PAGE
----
# Physics PhD Versatility?

• Physics
Hey all, I've been contemplating PhD'ing in physics for a long time now. Originally I wanted to pursue this goal for my affinity to learning and interest in research. However, like other people in I've seen posting in this forum lately, I too have developed an strange fascination for finance, and things like wall street, trading, and quant analysis! Truth is I wanna live pretty well off in my life, financing I hear can bring in mega bucks, which is fantastic because in a way it can be a interesting thing to do. However my ultimate goal would be research for government, national lab, or wherever. Another thing I've considered is engineering. Awesome job prospects. I wouldn't chase that as a college major however because it might gimp my possibilites of getting jobs in finance or research. Another thing I enjoy is programming. TBH, I mainly program things to solve my homework problems but it's still good. With a range of interests : finances, engineering, programming, research - is it possible these doors can all be opened with a PhD in Physics?

You shouldn't do a PhD unless you're 100% sure that you LOVE physics.

It sounds like you're in high school? Is that right?

Yeah, and I do love physics. And it too seems like a physics PhD is the only degree that might open all of these options for me

High school..? Seriously, don't even think about a PhD right now. Concentrate on finishing high school and doing your undergrad. There is no reason for you to be worrying about getting a PhD right now.

In the words of Buddah; "Do not dwell in the past, do not dream of the future, concentrate the mind on the present moment."

However, like other people in I've seen posting in this forum lately, I too have developed an strange fascination for finance, and things like wall street, trading, and quant analysis!
Why are you interested in Wall Street?

For most people, it has something to do with the money that they hear that people make there. It turns out most people on Wall Street do make decent amounts of money, but it's not so much over other careers that you shouldn't blind yourself to alternatives just for the money.

The bad news is that the fact that there is only one of you, and so eventually you are just going to wander down one path. The good news is that you have time to figure out what you want to do, and if you are in high school, the odds are good that the career that you end up doing will involve something that hasn't been invented yet.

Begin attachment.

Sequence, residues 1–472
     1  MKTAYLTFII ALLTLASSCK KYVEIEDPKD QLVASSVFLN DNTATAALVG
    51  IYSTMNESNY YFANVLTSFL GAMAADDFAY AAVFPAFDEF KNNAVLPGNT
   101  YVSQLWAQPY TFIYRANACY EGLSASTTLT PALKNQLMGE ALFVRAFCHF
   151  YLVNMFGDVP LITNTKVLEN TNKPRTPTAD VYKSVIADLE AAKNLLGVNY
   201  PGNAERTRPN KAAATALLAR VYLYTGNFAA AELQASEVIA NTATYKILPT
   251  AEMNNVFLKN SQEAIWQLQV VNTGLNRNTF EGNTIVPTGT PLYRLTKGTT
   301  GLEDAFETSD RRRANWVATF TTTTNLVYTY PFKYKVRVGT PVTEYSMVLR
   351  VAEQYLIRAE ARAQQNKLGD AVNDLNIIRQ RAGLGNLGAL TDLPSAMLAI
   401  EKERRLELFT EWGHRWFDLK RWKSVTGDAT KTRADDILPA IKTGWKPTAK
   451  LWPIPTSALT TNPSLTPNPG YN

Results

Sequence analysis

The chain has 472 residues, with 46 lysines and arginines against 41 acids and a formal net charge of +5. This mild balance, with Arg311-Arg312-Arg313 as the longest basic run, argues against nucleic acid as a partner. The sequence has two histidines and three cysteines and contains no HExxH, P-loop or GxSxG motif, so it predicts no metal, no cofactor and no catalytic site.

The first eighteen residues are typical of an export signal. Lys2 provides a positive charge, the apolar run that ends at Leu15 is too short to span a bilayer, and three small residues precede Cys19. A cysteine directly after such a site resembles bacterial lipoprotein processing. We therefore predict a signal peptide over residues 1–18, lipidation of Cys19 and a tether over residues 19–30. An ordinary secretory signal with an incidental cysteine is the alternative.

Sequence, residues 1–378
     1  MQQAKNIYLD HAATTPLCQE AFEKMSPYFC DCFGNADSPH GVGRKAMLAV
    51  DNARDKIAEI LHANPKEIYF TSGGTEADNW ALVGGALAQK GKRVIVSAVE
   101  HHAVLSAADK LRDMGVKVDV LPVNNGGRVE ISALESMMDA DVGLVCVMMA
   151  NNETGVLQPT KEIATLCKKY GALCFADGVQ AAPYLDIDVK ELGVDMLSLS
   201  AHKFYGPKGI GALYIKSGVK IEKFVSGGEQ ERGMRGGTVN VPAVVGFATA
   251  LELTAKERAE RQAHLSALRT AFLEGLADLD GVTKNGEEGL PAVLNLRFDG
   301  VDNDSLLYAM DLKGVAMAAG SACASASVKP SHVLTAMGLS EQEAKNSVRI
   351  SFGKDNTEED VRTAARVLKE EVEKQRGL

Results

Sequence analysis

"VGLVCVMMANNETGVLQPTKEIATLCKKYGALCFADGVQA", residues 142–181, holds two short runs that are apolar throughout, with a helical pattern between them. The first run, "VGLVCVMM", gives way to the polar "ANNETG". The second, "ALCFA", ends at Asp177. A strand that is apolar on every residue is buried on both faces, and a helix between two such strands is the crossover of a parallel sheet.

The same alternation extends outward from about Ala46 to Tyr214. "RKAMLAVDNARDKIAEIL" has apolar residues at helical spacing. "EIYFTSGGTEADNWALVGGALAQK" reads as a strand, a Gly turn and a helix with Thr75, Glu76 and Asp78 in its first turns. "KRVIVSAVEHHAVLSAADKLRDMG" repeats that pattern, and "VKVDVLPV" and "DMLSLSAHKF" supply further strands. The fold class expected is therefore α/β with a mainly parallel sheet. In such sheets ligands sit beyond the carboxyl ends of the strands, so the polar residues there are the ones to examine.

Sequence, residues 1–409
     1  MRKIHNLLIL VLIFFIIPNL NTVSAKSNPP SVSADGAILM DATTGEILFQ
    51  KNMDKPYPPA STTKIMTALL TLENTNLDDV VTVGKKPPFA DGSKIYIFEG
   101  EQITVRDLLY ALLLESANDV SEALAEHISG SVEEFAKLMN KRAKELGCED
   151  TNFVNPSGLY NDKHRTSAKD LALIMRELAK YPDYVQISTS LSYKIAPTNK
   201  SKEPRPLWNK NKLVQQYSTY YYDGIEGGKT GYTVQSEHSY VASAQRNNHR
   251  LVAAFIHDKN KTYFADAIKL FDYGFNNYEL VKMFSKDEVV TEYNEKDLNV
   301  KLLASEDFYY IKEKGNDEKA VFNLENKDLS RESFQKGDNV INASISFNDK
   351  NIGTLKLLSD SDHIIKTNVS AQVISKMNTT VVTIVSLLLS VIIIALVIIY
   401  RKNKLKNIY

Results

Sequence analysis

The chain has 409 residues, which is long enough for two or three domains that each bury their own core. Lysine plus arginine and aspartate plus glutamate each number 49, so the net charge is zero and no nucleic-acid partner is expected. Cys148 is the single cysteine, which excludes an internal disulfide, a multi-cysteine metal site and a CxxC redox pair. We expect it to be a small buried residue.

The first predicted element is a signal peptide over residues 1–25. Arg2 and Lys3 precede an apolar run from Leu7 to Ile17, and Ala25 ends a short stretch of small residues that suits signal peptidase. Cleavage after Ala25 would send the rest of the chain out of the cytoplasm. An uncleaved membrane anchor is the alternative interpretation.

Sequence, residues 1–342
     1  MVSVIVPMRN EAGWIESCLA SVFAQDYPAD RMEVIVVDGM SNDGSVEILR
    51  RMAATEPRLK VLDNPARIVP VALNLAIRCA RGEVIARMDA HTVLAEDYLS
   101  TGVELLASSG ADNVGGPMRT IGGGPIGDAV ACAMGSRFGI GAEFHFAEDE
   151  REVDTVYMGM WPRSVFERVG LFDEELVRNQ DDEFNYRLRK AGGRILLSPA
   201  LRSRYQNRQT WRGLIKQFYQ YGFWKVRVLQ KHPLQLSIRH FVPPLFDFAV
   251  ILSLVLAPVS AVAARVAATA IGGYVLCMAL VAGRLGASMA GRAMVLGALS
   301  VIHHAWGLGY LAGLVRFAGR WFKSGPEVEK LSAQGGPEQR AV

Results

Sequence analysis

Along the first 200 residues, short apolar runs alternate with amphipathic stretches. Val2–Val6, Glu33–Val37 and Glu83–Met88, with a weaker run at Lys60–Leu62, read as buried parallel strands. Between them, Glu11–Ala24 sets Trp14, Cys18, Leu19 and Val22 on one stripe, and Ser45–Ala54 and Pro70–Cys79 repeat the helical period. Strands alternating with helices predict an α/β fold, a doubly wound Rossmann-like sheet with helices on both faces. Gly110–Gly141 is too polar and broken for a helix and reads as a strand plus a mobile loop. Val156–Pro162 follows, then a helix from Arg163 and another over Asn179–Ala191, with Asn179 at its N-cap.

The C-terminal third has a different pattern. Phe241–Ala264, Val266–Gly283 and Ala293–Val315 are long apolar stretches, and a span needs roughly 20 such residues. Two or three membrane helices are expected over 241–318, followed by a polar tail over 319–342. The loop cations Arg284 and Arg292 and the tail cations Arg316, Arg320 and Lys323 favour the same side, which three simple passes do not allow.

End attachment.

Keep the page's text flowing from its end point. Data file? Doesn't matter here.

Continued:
loseyourname
Staff Emeritus
Gold Member
If you want to get into quantitative finance, don't get a physics PhD. It's a waste of an awful lot of time. There are one-year Master of Financial Engineering programs that post first-year salaries for all graduates that average $130,000 in salary and bonuses. There's no reason to spend 4-7 years getting a PhD. The physics BS would certainly help you get into an MFE program, however, since they mostly care about students having adequate mathematical and programming skills more than any actual knowledge of finance. If you really want to do that, though, look seriously at what they require of students. It's very difficult to get into a good MFE program with no work or prior graduate experience. You'll need close to a 4.0 GPA from a top school in a program like applied mathematics or electrical engineering (especially signal processing). Become very, very good at stochastic calculus and C++. If you want to get into quantitative finance, don't get a You guys keep forgetting I have an interest in engineering, physics research and programming as well loseyourname Staff Emeritus Gold Member Yeah, good point. I don't want to say don't pursue all of your interests simply for the sake of economizing on time. If you really want to do everything, it's a lot easier to go from physics to finance than vice versa, and you can pursue programming in your spare time right now if you want to. Heck, I got two unrelated bachelor's degrees and two unrelated master's degrees before I ended up in the career field I'm in now, so I'm certainly not the person to learn focus from. If you want to get into quantitative finance, don't get a physics PhD. On the other hand, if aren't the type of person that wants to get a physics Ph.D., you really should seriously ask yourself why you want to go into quantitative finance. The obvious answer is "for the money" but there are other ways of making money. There are one-year Master of Financial Engineering programs that post first-year salaries for all graduates that average$130,000 in salary and bonuses.
That's what they claim. I'm rather dubious about those numbers. Personally, if you want to get into finance, I think you are much, much better off with a straight MBA or Masters of Finance

If you really want to do that, though, look seriously at what they require of students. It's very difficult to get into a good MFE program with no work or prior graduate experience. You'll need close to a 4.0 GPA from a top school in a program like applied mathematics or electrical engineering (especially signal processing). Become very, very good at stochastic calculus and C++.
Which is precisely why I think those degrees are silly, and in some ways a bigger waste of time and money than a physics Ph.D. With a physics Ph.D., you at least come out with knowledge and skills that you didn't have before you came in.

If you have a 4.0 GPA with experience in mathematics or electrical engineering and are already good at stochastic calculus and C++ and if you already have industry/graduate experience, then you can get a job on Wall Street without an MFE. So what's the point?